"We need to find ways to improve timely and appropriate access to specialists and to improve the structuring of collaborative care," said Dr. Paul Armstrong, professor of medicine in the University of Alberta's division of cardiology, and one of the study's authors.
The researchers discovered that patients discharged after their first hospital stay for heart failure had significantly better outcomes if they received regular cardiovascular follow-up visits with a physician. Those who saw both a family practitioner and a specialist had the lowest mortality rates, even with more complicated conditions. Outpatient care involving both a specialist and a family physician was associated with a 66 per cent drop in the risk of one-year mortality.
"Unfortunately, we found that patients who were elderly and living in rural areas had less access to specialty care. We now know that only a minority of heart failure patients are seen in specialty heart failure clinics where it has been shown that outcomes are improved. These clinics tend to be located in specialty academic centres, which can be difficult for rural patients to access," said Dr. Armstrong.
Results from the two-year study, which also included research from the University of Ottawa, were published recently in the Canadian Medical Association Journal.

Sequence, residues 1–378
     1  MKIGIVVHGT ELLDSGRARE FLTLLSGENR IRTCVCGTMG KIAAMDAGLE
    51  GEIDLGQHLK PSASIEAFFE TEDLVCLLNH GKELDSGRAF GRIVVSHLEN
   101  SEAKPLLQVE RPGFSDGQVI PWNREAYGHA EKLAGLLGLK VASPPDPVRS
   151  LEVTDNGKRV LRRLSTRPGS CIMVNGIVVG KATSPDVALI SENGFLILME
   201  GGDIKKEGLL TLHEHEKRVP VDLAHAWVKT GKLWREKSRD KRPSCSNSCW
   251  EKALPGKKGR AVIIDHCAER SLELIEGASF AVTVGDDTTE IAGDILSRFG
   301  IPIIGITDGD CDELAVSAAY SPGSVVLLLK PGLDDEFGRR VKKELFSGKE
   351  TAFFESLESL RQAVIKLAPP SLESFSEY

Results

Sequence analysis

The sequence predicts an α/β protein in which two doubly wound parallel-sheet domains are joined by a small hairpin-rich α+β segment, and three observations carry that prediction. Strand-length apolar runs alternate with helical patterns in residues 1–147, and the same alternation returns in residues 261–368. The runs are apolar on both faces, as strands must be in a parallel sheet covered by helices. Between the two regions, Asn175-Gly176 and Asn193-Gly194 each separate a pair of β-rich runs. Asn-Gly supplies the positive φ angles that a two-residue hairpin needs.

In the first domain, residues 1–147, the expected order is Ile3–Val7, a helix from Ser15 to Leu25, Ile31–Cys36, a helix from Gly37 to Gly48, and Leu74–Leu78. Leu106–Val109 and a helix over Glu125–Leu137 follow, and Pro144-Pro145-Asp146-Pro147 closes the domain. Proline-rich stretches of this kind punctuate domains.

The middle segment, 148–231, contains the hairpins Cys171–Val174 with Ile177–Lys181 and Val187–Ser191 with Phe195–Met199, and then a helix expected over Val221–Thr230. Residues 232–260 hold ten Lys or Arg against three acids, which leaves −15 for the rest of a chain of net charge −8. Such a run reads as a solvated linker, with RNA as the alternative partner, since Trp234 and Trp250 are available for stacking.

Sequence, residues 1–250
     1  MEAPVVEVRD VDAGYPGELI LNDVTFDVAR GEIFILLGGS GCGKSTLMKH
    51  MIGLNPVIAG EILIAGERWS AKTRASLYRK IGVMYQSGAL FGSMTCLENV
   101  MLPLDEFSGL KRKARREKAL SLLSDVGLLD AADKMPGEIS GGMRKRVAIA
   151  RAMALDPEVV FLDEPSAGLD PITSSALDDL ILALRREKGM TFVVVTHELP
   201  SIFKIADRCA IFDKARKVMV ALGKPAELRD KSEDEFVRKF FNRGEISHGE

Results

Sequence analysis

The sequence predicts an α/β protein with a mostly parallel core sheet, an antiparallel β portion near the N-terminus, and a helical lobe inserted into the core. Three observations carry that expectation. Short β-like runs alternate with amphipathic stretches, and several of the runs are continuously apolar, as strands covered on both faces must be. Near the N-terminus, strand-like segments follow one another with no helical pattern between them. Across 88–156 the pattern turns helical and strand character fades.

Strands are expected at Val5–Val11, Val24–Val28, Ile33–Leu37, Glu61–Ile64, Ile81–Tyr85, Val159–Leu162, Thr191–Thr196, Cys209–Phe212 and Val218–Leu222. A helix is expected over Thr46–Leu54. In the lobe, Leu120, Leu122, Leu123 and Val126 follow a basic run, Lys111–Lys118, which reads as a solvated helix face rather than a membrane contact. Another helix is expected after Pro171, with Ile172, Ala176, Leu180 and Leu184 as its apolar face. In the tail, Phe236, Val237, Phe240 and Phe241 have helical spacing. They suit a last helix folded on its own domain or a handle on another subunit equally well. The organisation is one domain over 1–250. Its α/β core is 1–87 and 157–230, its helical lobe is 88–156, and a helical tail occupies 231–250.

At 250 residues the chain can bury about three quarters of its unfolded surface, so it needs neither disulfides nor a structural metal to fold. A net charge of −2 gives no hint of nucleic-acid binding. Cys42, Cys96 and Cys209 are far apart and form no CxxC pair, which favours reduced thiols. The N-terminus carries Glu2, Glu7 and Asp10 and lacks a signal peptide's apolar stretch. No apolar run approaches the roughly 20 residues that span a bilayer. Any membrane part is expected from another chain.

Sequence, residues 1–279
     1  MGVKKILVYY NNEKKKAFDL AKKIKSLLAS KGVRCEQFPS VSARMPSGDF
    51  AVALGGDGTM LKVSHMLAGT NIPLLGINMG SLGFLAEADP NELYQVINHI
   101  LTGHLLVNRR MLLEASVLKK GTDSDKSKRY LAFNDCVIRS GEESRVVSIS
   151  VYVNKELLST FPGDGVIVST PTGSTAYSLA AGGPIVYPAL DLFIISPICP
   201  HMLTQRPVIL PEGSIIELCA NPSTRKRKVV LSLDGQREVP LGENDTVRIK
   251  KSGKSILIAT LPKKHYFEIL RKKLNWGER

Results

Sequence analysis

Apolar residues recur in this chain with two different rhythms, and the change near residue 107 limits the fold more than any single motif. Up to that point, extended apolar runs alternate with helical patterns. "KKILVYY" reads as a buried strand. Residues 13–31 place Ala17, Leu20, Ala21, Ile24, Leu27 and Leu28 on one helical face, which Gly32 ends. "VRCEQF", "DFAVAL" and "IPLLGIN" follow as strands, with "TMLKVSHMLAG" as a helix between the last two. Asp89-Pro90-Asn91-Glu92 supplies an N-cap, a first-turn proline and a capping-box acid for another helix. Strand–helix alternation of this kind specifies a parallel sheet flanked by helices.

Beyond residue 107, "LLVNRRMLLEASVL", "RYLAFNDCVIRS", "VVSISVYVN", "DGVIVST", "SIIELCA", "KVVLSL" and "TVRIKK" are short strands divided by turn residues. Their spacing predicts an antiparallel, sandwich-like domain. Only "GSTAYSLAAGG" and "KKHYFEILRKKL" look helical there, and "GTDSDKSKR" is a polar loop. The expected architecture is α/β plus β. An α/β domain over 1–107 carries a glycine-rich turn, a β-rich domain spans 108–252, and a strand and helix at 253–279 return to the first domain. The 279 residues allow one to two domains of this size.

The population-based study followed 3,136 patients who were newly diagnosed with congestive heart failure and had just been discharged from 128 Alberta hospitals. Of the patients, 34 per cent received no follow-up visits for cardiovascular care, 24 per cent were seen by a family doctor alone, one per cent by a specialist and 42 per cent by both a family physician and a specialist.
The study showed that compared with patients who received no follow-up care, patients who received regular cardiovascular follow-ups with a specialist had 38 per cent fewer visits to the emergency room, only 13 per cent were readmitted to hospital and the one-year mortality rate was lower--22 per cent versus 37 per cent.
Patients who have follow-up care from both specialists and family physicians are in better health because they have more contacts with the medical community, Dr. Armstrong said. "There are more opportunities for deterioration in status to be detected, for medications to be altered, and for therapies to be reinforced.
Congestive heart failure is suffered by up to two per cent of North American adults, and despite advances in treatment and therapy, still holds a poor prognosis; 30 to 50 per cent die within a year.